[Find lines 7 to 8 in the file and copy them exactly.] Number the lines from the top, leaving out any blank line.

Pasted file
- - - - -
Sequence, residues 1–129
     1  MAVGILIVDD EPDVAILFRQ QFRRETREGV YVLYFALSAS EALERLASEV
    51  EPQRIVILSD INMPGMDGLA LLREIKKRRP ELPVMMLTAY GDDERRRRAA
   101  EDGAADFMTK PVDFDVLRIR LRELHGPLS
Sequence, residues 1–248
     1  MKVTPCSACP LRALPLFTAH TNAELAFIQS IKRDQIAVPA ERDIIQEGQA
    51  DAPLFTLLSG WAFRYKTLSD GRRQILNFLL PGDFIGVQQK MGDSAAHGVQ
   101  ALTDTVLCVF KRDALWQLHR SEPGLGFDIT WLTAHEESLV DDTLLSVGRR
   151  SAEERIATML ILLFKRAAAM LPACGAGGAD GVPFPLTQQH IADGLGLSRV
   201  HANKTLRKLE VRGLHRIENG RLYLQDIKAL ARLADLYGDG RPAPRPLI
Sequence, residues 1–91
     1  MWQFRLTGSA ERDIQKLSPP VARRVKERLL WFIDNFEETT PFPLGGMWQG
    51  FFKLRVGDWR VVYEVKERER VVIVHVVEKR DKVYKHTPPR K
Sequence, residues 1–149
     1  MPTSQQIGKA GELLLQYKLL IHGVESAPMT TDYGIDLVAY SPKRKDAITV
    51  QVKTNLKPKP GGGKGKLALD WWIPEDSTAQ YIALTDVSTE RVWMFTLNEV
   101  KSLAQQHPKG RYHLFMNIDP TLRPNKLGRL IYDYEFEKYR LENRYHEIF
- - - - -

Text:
    51  DAPLFTLLSG WAFRYKTLSD GRRQILNFLL PGDFIGVQQK MGDSAAHGVQ
   101  ALTDTVLCVF KRDALWQLHR SEPGLGFDIT WLTAHEESLV DDTLLSVGRR